Although Historically Black Colleges and Universities (HBCUs) and Hispanic-serving institutions (HSIs) have been recognized by the federal government as a part of The Higher Education Act of 1965, AANAPISIs were not formally recognized until 2007. Institutions eligible for AANAPISI status must have at least a 10 percent enrollment of AAPI students, with at least 50 percent of all students at the institution requiring federal financial aid.

If granted AANAPISI status, an institution is eligible to receive federal grants. Currently, nearly 41 percent of AAPI students attend these AAPI eligible institutions, which are only 3.4 percent of institutions nationwide.  As of 2011, 52 institutions had the AANAPISI designation, although there were 148 institutions eligible–an increase from 116 in 2009. According to the 2011 CARE report, by 2013, 160 institutions will meet the necessary criteria.

Teranishi indicated that, even after the recognition of AANAPISIs, the misconception around challenges facing AAPIs still existed, even in the government. “There was still a perception in the government itself about the needs of Asian students. Some agencies were still saying they don’t consider AAPIs an underrepresented minority population,” said Teranishi. He added that, “the research we’ve done shows that this attitude is very damaging for the AAPI population.”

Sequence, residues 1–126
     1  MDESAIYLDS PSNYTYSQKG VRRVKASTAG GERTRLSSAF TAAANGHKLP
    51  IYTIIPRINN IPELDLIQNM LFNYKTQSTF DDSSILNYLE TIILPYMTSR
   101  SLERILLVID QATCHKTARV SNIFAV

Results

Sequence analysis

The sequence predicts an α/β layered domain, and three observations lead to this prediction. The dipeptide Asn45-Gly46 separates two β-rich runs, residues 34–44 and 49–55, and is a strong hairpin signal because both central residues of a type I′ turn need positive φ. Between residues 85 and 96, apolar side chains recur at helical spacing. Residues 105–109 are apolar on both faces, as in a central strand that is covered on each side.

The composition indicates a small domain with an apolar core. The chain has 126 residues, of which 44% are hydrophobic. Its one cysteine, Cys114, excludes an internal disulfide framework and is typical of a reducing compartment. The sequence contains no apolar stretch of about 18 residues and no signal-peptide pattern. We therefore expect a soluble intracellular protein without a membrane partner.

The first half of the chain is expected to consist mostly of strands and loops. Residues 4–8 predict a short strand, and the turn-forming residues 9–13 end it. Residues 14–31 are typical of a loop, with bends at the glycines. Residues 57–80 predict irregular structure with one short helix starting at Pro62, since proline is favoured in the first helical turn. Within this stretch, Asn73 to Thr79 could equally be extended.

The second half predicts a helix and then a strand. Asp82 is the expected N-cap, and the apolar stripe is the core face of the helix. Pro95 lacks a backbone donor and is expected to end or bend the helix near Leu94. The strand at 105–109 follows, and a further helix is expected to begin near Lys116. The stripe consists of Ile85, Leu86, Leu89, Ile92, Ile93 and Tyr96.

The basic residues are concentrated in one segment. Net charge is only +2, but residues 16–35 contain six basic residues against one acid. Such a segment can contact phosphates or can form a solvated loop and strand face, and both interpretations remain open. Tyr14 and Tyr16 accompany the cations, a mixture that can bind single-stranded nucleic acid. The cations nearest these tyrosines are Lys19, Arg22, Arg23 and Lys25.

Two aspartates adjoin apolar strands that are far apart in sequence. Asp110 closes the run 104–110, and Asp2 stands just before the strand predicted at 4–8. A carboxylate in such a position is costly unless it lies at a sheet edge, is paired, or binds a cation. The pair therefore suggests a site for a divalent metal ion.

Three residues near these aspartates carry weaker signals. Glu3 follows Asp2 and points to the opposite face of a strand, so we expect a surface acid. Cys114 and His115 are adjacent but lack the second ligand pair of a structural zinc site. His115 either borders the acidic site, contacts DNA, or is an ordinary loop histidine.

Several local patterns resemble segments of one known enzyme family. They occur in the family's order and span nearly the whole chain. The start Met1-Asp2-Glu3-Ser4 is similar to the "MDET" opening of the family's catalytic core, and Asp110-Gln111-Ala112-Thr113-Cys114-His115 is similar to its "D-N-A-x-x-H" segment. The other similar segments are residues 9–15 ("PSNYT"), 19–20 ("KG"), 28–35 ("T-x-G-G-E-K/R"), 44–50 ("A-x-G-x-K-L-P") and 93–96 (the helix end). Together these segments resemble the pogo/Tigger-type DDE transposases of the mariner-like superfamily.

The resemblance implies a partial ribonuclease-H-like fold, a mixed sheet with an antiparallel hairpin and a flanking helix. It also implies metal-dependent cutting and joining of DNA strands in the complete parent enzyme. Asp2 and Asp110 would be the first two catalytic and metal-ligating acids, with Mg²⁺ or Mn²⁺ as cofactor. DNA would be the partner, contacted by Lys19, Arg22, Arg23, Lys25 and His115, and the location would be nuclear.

According to the CARE report in 2011, the two most significant problems facing AAPI students are access to education and completion of education. The report explains that, considering the cost of a four-year college, many AAPIs simply can’t afford it, especially those that come from poverty. As a result, they are forced to either abandon their education or attend a community college. Data shows that those AAPI students in community college have significantly more “risk factors” than those in four-year colleges. These “risk factors” are correlated to lower rates of persistence and completion.

In addition, Teranishi explained that vulnerable minorities exist within the AAPI community, who are often overlooked. The 2011 CARE Report found that, in the U.S., although less than 25 percent of the Filipino and Asian Indian population have never enrolled in postsecondary education, that figure rises to more than 60 percent in the Hmong, Laotian, and Cambodian communities. Further, fewer than 40 percent of Hmong, Laotian and Cambodians even have a high school diploma or equivalent.  In addition, Southeast Asians and Pacific Islanders have a high rate of attrition during college — over 50 percent for Native Hawaiians, Tongans, and Samoans.

Horikoshi explained that on a positive note, “I need information to do my job and they gave us the funds to go do it, so in turn, now we’re on a very steep trajectory to gather more critical information. This is about the democratic mission of higher education and we’re just a small part of it, but right now, a big part of it because we are a leading voice.”

He added, “We talk about access and success, but more importantly, we’re in the process of building vibrant communities throughout the United States by targeting where the largest concentration of AAPIs are gathered. It’s a huge strategy, but very realistic and one I know we will achieve in time.”